Friday, May 18, 2012

little boys and matchbox cars...

There is a little boy on the other side of the world who knows my name. He sends me letters and pictures that he draws in the school he attends. He likes matchbox cars and helping his mom with household chores. or at least he did when he was six. Now he is twelve. His name is Lereko, and other than the little boy taking a nap in the bedroom next to me...he is one of the cutest kids I have ever seen.

He has been my sponsor child through World Vision for many years now. I have watched him grow through pictures and letters that come in bright orange envelopes in my mail. I have his picture on my fridge, and when I look at it, I pray for him.

This morning I was reading a post from the Nester, about a recent trip she took to see her sponsor child in Tanzania (something I have always said I wanted to do), and a thought hit me square between the eyes. "if I had the chance to meet my sponsor child tomorrow, would I be ready?" I am afraid not.

If I could meet Lereko tomorrow, I would look into the face of a little boy I should know well and see a stranger looking back. I would feel badly for only writing 3 sentence letters when prompted by World Vision at Christmas and Easter and on his birthday. Letters that usually say something like this, "Hello Lereko! I hope you are doing well and having a great year in school. Mike and I are praying for you. Merry Christmas! Love, Adriane" I am not one for cursing, but I have gotta say, that is alot of BS.

It is WAY to comfortable for me to send my $35 a month (which covers ALL his living expenses) and pat myself on the back for doing my part, and shoot up the occasional prayer to God when bright orange envelopes arrive, and leave it at that. I never once have filled a white envelope with pictures and letters and heartfelt thoughts and mailed it off to Lesotho, Africa. I have never prayed for Lereko for more than 5 minutes at a time. And I have never before considered how I might feel if I had to explain to him face to face why I don't write more often. "Sorry Lereko, in the United States we are very busy people."

And I  really think that it is ok to not send mail that often, because we truly are busy people. But there is no excuse for not showering that little boy in prayer. That is the most effective, potent influence I can have on his life, and I am denying him of it. Mostly because I forget he is real. He is half a world away, playing with his friends and learning things in school, and helping his mom around the house, and I forget that he isn't just a picture on the fridge or a financial obligation I signed up for.

And when I think about what it would be like to come face to face with that sweet little boy, I have this thought, "If I had the chance to meet my Maker tomorrow, would I be ready?" or would I have to explain to Him the very same thing, "I'm sorry Lord, but here in the US, we are busy people." It makes me shudder a little to think about that. I spend far too much time focused on things that have no lasting value or eternal weight, and that needs to change.

So for starters, for every prayer I pray for my own sweet boy, I am committing to praying for the sweet boy of a woman in Lesotho who I may or may not ever meet on this side of eternity.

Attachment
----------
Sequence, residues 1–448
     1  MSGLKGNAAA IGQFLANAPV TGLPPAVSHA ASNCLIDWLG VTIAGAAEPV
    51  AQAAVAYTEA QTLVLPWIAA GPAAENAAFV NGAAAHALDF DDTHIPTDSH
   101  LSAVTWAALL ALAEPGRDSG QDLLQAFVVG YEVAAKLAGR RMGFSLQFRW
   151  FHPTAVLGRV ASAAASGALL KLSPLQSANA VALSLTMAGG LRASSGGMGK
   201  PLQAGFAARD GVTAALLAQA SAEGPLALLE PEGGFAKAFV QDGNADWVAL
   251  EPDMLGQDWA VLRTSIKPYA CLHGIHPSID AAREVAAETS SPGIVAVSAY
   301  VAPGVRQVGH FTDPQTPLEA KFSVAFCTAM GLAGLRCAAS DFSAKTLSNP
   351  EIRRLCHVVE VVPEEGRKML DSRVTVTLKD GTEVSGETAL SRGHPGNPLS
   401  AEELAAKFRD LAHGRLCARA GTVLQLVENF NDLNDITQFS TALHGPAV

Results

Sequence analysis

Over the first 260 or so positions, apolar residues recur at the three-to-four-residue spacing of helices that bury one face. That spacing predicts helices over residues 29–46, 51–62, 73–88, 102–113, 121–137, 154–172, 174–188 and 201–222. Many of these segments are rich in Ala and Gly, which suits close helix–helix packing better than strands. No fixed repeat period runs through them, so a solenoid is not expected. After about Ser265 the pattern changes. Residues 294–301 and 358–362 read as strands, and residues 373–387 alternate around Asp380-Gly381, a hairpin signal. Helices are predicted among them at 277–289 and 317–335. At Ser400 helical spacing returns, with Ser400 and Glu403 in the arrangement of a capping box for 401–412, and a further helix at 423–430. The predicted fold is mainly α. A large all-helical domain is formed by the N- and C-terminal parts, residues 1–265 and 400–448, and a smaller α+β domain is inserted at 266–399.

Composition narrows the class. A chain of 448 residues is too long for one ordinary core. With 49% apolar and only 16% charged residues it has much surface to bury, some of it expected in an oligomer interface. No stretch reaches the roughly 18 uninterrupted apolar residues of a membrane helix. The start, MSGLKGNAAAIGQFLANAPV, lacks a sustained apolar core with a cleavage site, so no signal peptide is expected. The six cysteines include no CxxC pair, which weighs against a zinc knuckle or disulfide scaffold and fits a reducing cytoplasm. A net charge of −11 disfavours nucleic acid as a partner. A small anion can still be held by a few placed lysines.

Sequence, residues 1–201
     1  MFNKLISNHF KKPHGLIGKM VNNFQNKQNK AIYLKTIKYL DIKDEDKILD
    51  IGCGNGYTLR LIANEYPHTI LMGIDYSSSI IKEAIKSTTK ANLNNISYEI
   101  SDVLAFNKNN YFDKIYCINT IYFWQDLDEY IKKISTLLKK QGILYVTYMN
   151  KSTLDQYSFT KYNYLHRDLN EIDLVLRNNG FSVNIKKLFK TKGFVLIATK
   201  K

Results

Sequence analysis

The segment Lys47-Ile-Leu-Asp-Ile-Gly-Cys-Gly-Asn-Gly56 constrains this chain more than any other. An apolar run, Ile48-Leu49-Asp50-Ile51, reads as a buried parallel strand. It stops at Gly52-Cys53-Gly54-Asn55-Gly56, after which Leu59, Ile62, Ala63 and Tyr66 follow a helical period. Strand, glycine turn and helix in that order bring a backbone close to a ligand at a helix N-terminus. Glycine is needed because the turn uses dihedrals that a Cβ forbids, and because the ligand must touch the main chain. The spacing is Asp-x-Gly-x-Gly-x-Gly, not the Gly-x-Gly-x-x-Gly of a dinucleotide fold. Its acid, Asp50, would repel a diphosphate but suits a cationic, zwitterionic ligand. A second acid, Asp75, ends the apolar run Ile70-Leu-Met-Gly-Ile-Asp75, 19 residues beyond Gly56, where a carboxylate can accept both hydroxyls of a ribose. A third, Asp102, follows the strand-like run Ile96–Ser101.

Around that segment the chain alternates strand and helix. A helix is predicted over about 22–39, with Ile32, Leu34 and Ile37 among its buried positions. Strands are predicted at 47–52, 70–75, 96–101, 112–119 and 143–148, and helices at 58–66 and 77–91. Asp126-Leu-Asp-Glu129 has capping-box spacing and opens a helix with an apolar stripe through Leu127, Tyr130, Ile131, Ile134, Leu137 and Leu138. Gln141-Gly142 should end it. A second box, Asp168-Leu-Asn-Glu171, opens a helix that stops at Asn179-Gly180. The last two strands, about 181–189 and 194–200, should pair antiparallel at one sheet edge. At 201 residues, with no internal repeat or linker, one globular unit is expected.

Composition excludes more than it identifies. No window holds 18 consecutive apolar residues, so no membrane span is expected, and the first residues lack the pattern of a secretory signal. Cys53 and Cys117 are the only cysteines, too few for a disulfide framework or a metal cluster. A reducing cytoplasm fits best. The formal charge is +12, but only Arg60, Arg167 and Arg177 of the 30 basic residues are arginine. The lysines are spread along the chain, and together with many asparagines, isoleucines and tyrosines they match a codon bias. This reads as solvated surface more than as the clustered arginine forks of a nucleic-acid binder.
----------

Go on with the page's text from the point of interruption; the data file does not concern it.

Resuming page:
What about you? What has God called you to do with the time you're given?


  1. I know what you mean, I sometimes go months without sending a letter to Bhumisuta and then I stop and think, how can I sign this "love nicole"? Is that love? But on the other hand it is. That $35 a month is love. Those 5 minute prayers are love. God has given you many areas of ministry, don't beat yourself up if taking care of the baby and husband that God has given you leaves you only a few minutes here and there to send blessing to little Lareko. Sometimes the hardest thing is to know WHAT to pray. Now I pray scripture, I pick a Psalm and pray it for the person. Lori's post here also has great ideas: I hope that helps!

  2. I also struggle with WHAT to write... writing the verse that you are praying for him is a great thing! And telling him the hopes that you have for him. One of the most powerful testimonies I've ever seen was a young woman who was a sponsored child and her family told her all she could hope to be when she got older was a prostitute or a slave. That she was worthless. Her sponsors told her they believed in her. That she could do well in school and be anything she wanted to be. And she listened to them, and now she is a leader in the India branch of the ministry.

    I also try to tell Bhumisuta stories of God's faithfulness in our lives. Or stories about animals :) I try to remember what I liked at her age, and I loved those kinds of stories. I tell relate everything back to how important it is for her to have a relationship with God and accept His love. Lareko would probably like those things too!

    You are a great blessing to him just when you send a card and support though! Love, n

  3. These are great ideas!! Thanks for sharing them=) I do think it important to write because in the video I was watching, the family lived in a little hut and everything was dirty except for this white envelope containing all the correspondance that they had recieved from their sponsor was their prized possesion. It reminded me that something simple to me can mean the world to them=)

    love you,


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